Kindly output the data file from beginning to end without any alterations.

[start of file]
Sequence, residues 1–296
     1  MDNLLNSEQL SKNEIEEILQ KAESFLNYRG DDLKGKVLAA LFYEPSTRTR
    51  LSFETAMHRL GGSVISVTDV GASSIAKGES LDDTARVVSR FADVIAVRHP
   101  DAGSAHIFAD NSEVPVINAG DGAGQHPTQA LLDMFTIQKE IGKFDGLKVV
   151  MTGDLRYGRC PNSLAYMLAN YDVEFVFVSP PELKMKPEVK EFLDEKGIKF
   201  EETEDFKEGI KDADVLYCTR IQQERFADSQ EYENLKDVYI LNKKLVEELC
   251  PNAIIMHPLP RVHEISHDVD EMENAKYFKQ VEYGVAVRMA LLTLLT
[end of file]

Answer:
Sequence, residues 1–296
     1  MDNLLNSEQL SKNEIEEILQ KAESFLNYRG DDLKGKVLAA LFYEPSTRTR
    51  LSFETAMHRL GGSVISVTDV GASSIAKGES LDDTARVVSR FADVIAVRHP
   101  DAGSAHIFAD NSEVPVINAG DGAGQHPTQA LLDMFTIQKE IGKFDGLKVV
   151  MTGDLRYGRC PNSLAYMLAN YDVEFVFVSP PELKMKPEVK EFLDEKGIKF
   201  EETEDFKEGI KDADVLYCTR IQQERFADSQ EYENLKDVYI LNKKLVEELC
   251  PNAIIMHPLP RVHEISHDVD EMENAKYFKQ VEYGVAVRMA LLTLLT